All industries have made a variety of predictions about the epidemic's impact. In the early stage of the outbreak, there were many who were optimistic that there would be a "consumption rebound" after the end of the epidemic. But with its spread around the world, it seems that the "consumption rebound" will be slightly bleak, if looking from the perspective of current consumer psychology,.
What does consumption restraint mean？
Many researchers in the consumer goods industry believe that, unlike the consumption rebound after SARS in 2003, 2020 will be a more moderate and conservative year even after the epidemic ends. Because the larger the area is affected, the deeper the extent of the economic shutdown will be, and the revenue of all walks of life would have been greatly affected. Some enterprises have been forced to close down. Consumers will choose to retain as much liquidity as possible due to varying degrees of income reduction, uncertain employment prospects and concerns of inflation and rising prices.
But consumption restraint doesn't mean inelastic demand and low-cost goods. We believe that in the post-epidemic , the behavior of consumers will be more driven by inelastic demand, but there will still be hedonistic and experiential consumer demand. Because of the containment factors, consumers will consciously control the trial and error cost, and hope to choose the most suitable product, rather than "discard" after a more willful purchase.
In addition, due to the conscious control of expenditure, consumers tend to choose partial satisfaction between different needs, rather than spending money at will. This means that products and services themselves need to be more persuasive.
Three questions of product test
For consumers, products and services are the user value that consumers ultimately obtain. The user value in consumers' mind is equal to the price they are willing to pay. Due to the change of consumption mentality after the epidemic, three questions of product test will be put in front of consumer goods enterprises:
Question 1: does your product provide high user value?
Question 2: does your product have a precise positioning?
Question 3: does your product have a smooth value chain (not just supply chain) upstream and downstream links?
Four pillars of product strategy
Facing more rational and picky consumers, businesses need to adjust their product strategies in time. We summed up four suggestions:
Focus on specific groups and scenes
Due to the huge Chinese market, both mass market products and niche market products can be further classified as long as they are sorted out. In the past, it was difficult for a SKU store model to continue to succeed. Even McDonald's, which is famous for its standardization, has begun to segment the Chinese market, constantly exploring the balance between universality and pertinence, and has produced many innovative products and store models in the past few years.
The epidemic has changed many behaviors of consumers. For example, young consumers who do not cook are forced to cook at home during the epidemic, and it will last for a while, and some people may keep it from then on. Because this behavior is new, many small families who did not purchase dishwashers may begin to re-measure the return on investment of a dishwasher. However, not all dishwashers can get opportunities. Small on-stage dishwashers and sink dishwashers suitable for small family space will have greater growth space.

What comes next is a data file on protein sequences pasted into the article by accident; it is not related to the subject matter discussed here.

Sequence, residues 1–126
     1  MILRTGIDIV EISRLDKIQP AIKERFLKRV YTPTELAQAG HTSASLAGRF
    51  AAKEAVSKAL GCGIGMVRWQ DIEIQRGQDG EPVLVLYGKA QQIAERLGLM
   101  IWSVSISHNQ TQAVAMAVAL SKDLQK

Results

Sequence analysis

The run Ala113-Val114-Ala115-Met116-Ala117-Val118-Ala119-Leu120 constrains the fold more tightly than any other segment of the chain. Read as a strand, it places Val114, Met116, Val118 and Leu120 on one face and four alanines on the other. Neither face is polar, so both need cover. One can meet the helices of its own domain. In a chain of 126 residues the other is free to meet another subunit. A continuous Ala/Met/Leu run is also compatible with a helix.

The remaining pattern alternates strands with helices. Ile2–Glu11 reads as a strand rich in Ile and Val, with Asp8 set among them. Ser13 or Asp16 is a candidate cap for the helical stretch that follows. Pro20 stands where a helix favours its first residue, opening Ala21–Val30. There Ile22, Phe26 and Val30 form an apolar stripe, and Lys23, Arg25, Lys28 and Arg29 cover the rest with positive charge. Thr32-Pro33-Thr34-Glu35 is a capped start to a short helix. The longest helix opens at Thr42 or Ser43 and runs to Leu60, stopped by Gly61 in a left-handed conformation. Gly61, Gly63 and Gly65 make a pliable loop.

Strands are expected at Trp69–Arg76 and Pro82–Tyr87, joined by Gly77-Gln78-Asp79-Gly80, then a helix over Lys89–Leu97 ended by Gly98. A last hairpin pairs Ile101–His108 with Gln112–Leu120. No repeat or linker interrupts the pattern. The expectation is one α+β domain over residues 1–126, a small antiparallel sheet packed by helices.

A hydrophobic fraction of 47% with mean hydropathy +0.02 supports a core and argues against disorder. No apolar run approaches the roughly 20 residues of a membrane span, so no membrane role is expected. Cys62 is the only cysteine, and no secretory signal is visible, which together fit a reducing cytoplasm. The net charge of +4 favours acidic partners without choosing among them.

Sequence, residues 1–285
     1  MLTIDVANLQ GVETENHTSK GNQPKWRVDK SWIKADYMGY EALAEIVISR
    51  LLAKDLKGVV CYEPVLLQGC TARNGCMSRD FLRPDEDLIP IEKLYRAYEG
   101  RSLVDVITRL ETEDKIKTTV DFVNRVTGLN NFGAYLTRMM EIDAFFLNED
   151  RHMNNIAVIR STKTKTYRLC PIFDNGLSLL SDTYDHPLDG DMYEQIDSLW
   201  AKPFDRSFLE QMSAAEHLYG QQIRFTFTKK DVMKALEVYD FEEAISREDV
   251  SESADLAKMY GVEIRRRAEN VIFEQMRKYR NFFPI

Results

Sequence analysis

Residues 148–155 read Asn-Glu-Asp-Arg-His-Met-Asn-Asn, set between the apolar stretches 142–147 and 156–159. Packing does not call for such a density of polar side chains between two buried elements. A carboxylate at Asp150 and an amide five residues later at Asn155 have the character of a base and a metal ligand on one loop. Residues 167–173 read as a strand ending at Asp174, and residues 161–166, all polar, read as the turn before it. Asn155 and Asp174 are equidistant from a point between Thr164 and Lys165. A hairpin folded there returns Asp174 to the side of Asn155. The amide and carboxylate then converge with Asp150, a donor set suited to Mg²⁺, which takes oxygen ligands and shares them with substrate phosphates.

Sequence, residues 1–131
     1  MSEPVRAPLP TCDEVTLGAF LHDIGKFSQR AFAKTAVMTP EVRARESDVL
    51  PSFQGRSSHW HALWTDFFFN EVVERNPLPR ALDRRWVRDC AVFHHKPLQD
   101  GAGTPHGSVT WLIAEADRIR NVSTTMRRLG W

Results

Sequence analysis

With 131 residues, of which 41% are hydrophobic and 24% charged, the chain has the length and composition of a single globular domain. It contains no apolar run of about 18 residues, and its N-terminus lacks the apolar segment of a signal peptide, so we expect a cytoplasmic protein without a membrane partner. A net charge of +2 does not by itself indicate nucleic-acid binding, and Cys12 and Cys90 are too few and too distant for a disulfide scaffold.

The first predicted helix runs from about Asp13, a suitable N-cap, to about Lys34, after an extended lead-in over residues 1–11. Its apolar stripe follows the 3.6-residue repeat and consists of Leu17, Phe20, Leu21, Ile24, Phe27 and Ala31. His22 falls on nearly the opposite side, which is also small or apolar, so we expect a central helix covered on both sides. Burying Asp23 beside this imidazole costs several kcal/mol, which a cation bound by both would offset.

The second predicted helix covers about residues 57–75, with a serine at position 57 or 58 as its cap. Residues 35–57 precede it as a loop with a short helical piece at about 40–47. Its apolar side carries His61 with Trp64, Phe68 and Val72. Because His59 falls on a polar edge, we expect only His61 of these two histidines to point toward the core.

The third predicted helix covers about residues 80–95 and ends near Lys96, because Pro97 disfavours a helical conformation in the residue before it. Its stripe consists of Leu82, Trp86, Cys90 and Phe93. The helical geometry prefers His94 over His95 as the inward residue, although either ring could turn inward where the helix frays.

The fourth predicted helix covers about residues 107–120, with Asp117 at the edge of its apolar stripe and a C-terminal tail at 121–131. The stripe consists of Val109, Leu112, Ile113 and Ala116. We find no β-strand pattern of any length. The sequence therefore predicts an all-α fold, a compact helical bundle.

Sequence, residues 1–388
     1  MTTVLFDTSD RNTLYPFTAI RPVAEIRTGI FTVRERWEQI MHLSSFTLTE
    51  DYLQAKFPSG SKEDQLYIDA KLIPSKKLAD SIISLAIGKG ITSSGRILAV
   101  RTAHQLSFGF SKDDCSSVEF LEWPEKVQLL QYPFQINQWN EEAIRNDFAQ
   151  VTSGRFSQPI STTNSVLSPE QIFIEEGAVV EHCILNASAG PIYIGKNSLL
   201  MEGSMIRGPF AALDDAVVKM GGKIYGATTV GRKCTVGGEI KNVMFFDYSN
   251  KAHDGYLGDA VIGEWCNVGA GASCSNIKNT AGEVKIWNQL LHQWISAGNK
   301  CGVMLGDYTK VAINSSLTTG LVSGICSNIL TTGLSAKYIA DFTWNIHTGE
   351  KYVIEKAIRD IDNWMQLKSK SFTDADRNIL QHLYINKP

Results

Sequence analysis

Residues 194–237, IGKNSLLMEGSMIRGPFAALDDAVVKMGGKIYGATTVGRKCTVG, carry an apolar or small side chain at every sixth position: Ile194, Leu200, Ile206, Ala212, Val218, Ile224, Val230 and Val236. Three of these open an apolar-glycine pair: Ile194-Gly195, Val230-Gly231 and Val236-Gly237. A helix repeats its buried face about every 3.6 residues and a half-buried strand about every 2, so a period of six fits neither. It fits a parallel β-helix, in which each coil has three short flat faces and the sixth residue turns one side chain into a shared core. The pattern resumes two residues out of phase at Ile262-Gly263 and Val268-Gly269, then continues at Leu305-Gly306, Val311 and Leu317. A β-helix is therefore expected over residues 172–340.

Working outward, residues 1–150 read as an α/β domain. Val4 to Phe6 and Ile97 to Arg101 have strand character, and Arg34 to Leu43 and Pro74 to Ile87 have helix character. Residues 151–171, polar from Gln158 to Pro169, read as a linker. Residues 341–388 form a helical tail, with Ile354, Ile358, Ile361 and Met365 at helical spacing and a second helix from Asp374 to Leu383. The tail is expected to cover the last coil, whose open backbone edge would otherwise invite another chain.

Return to core competitiveness
Because consumers are more careful to examine the advantages of products, products that lack core competitiveness and follow the imitation route will surely be squeezed into the crowded price war track. If a product has the ability to focus on the crowd and scene at the first point, it should consider how to provide unique advantage performance for this group of target users.
Product resource matching
Supporting high-quality services with products
Enhance user stickiness with complete experience
In the field of consumption, we have noticed a trend: the boundary between products and services is becoming increasingly blurred. In a more restrained post epidemic era, service is an extension of products and an important means of user loyalty. Good products are easy to understand, and good services are: when developing products, enterprises should focus on the full cycle of use, and provide support at different stages of user journey.
New energy vehicle manufacturers carry out the innovation of charging service at the same time of model innovation, because charging service guarantee is an important condition to persuade users to turn to electric vehicles.
Even products with low unit price, such as cosmetics and mother baby products, are also actively involved in resource construction "private domain traffic", and try to extend the links with users through providing information, after-sales, social networking and other practices.
The VUCA (changeable, uncertain, complex and fuzzy) world has been put forward for many years. This epidemic may be one of the most thorough vuca experiences. In a changing world, strategies need careful consideration on one hand and flexible application on the other.
Author: Georgia Guo
Georgia Guo is an Innovation Systems Methodology Expert who is good at architecting and deploying innovative projects in complex business environments. As director of McDonald's China Innovation Strategy, she established the first innovation team of McDonald's China.She worked for IDEO and PWC before. The Clients she served for including North Face,Coca-Cola and HENGDELI,etc. She graduated as senior Master of Management in Strategy and Innovation, Oxford University.